Tracing Decline Of Quality Education And Standards In Sudan and South Sudan

"So, unless something drastic is done soon that will shore up the quality and standards of the universities, many countries may soon not recognize the degrees of the South Sudanese degrees."

By Prof Peter Tingwa*

This is a follow up to the interesting article and topic written by Mr. Deng Choldit “The Dark Legacy of Tyranny: How Bashir Destroyed Education” in your issue of 18 November 2019 and this following article is to add dimension and elaboration to the points of he has raised.

It is true that tyrannical dictatorship will inevitably destroy all the things Mr. Choldit has listed in his first paragraph. On the other hand, it must be remembered that benevolent dictatorships have been known to propel progress and thereby development in countries like Singapore under Lee Kwan Yu.

In the Sudan however, indeed, Bashir and his regime in their quest to establish an Islamic theocracy did many things that impacted negatively on everything, including education at all levels. The legacy of many of his bad policies and actions are still evident today in both the Sudan and South Sudan.

But it must be remembered that, while Bashir and his regime were responsible by finally delivering the coup de grace to the quality and standards of education, the many preceding regimes of the Sudan have their fair share in contributing to the decline in the quality and standards of education in the Sudan. In view of this the article below is an attempt to trace and point out the salient features of the decline in the quality and standards of education under the various regimes of the Sudan since the condominium days.

The Condominium Era
Modern education in the Sudan was started by the British-dominated Condominium Government. It was begun soon after the defeat of the Mahdists. It differed greatly from the education that the British were offering to their other colonies in Africa. That was because the Sudan was a condominium, that is, it was a joint rule between Britain and Egypt. As a consequence, the Sudan’s were conducted by the Foreign Office and not by the Colonial Office. So, it is wrong to say colonial rule in the Sudan as many say today because the Sudan was not a colony.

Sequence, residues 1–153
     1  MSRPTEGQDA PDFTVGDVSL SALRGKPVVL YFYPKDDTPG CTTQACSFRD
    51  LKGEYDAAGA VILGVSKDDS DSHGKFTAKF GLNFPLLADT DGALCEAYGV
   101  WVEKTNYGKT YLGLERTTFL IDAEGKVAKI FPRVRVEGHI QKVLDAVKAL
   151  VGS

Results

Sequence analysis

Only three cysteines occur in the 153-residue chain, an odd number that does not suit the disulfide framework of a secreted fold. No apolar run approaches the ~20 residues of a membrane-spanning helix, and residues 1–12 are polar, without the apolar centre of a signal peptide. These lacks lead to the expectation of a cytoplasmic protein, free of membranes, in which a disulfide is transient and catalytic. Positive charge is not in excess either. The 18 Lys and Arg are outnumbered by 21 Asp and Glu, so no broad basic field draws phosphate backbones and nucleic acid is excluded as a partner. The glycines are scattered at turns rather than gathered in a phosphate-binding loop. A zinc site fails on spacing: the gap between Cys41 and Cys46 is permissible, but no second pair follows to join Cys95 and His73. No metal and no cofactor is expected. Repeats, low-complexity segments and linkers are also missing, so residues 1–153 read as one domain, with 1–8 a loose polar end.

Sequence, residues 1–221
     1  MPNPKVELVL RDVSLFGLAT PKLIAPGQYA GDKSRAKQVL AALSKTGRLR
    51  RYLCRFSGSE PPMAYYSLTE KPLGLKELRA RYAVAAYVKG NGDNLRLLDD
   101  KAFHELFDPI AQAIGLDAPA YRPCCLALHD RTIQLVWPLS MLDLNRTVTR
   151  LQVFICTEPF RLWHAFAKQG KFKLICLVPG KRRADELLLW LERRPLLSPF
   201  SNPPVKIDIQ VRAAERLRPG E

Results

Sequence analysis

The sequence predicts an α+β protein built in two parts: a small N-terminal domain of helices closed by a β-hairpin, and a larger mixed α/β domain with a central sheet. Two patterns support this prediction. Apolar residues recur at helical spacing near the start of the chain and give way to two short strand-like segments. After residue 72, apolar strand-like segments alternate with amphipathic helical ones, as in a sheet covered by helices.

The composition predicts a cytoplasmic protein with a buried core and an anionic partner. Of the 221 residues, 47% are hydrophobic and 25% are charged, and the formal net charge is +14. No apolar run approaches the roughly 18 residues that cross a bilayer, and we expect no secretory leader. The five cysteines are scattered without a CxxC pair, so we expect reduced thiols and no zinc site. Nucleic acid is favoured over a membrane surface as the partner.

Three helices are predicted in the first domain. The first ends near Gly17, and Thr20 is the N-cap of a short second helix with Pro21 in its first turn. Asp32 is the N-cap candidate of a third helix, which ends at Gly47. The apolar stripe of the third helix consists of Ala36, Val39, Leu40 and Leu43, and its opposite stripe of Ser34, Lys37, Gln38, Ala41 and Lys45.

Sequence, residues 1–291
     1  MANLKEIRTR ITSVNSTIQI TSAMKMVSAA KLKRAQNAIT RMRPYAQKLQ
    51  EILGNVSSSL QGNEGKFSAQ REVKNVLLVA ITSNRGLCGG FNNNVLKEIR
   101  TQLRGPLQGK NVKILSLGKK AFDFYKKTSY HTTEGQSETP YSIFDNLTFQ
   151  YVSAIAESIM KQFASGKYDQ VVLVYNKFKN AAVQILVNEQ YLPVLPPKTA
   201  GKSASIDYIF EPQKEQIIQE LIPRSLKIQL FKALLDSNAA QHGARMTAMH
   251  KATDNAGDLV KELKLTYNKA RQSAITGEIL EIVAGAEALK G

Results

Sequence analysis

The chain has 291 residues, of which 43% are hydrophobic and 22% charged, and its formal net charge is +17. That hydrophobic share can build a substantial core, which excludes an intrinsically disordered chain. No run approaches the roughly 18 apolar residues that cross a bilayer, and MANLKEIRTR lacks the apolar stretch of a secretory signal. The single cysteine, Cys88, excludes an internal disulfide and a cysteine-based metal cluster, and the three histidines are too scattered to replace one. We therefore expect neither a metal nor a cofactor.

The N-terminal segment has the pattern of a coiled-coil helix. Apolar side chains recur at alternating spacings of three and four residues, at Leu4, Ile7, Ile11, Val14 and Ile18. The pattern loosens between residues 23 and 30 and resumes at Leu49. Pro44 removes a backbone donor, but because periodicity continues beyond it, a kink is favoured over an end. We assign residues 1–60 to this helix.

Be that it may, the structure of the education system which that Condominium Government established was as follows: four years each of elementary, intermediate and secondary education. The secondary years were to be followed by post-secondary education in colleges and/or universities.

In the North, the medium of instruction was Arabic in the elementary and intermediate levels but intense English was introduced in the intermediate level in order to prepare the pupils for English instructions at the secondary level. The secondary level was entirely taught in English.

In the South, after much policy debate as to which language to use, a system was reached whereby the elementary level was to be in the local languages with the introduction of English; while both the intermediate and secondary levels were to be in English. That was the general education.

At the end of those years, both in the North and South, the students took the O-Level Cambridge School Certificate Examinations. Those examinations were set and marked in Britain and were of the same standard as those taken by the British students; and those who passed those examinations well were admitted to the Gordon Memorial College, (now University of Khartoum). At that time, that College was affiliated to the University of London and so it was awarding University of London degrees.

Because of that, the degrees which our first group Southern university graduates like Aggrey Jaden, J